Parag Kumar Mital
Bregman Media Lab
Hanover NH 03755
Citizenship: United States
Parag K Mital is a computational artist researching computational synthesis of audiovisual perception. As a researcher, he investigates how film together with eye-movement, EEG, and fMRI can help to explore how people attend to and represent audiovisual scenes. He uses this understanding to build computational models of audiovisual perception that serve as real-time experiences meant to reflect on one’s own perceptual processes. As an artist, he uses these computational models to create real-time audiovisual smash ups, augmented reality-based hallucinations, and expressive control of audiovisual content. The balance of his scientific research and art reflect on each other with the science driving the theories, and the artwork re-defining the questions asked within the research. His work has been exhibited in ACM Multimedia, Victoria & Albert Museum, Media Art Histories: ART+COMMUNICATION, London’s Science Museum, the British Film Institute, the Kinetica Art Fair, Athens Video Art Festival, and Bengaluru Artist Residency. Read more about my practice on this page.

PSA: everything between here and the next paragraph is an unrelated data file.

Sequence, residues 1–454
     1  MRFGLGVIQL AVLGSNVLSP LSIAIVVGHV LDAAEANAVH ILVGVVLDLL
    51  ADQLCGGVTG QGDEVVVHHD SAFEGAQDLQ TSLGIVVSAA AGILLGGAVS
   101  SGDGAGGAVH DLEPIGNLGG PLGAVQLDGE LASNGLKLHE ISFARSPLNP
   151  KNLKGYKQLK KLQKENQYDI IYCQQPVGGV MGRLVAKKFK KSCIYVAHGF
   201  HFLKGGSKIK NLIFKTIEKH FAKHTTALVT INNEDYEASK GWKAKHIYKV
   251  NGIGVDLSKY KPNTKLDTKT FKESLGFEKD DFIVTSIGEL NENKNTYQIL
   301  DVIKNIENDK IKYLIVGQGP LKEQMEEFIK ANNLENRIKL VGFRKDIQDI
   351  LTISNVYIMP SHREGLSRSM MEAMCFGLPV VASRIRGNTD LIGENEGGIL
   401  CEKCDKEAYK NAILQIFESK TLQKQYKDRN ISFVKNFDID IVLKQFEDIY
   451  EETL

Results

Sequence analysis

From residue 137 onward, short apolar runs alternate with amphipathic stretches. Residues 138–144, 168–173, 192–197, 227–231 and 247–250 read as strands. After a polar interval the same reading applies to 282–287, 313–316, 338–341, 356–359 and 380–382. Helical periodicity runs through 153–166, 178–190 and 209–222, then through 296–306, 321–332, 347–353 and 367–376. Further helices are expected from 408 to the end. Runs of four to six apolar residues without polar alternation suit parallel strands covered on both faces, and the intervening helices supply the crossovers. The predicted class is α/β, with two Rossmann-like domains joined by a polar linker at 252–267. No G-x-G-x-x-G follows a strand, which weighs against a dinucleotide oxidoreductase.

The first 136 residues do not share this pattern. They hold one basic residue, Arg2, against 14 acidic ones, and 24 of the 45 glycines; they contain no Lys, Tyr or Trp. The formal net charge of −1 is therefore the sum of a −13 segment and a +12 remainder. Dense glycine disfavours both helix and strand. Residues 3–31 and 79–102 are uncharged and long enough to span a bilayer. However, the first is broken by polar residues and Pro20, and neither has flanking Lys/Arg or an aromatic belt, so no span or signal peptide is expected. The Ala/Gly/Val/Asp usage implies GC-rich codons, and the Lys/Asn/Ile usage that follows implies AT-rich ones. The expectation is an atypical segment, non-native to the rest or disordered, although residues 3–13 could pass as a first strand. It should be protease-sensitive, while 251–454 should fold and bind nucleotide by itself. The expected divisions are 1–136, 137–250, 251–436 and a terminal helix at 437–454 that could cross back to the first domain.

Post-Doctoral Research Associate (beg. 2014) working on audiovisual decoding from fMRI led by Michael Casey at Dartmouth College, Hanover, NH
Parag K. Mital, Jessica Thompson, Thalia Wheatley, Michael Casey. How Humans Hear and Imagine Musical Scales: Decoding Absolute and Relative Pitch with fMRI. CCN 2014, Dartmouth College, Hanover, NH, USA, August 25-26, 2014.
Tim J. Smith, Sam Wass, Tessa Dekker, Parag K. Mital, Irati Rodriguez, Annette Karmiloff-Smith. Optimising signal-to-noise ratios in Tots TV can create adult-like viewing behaviour in infants. 2014 International Conference on Infant Studies, Berlin, Germany, July 3-5 2014.
Parag K. Mital, Mick Grierson, and Tim J. Smith. 2013. Corpus-Based Visual Synthesis: An Approach for Artistic Stylization. In Proceedings of the 2013 ACM Symposium on Applied Perception (SAP ’13). ACM, New York, NY, USA, 51-58. DOI=10.1145/2492494.2492505
[Project Website] [online] [pdf] [presentation]
Parag K. Mital, Mick Grierson. Mining Unlabeled Electronic Music Databases through 3D Interactive Visualization of Latent Component Relationships. In Proceedings of the 2013 New Interfaces for Musical Expression Conference, p. 77. South Korea, May 27-30, 2013.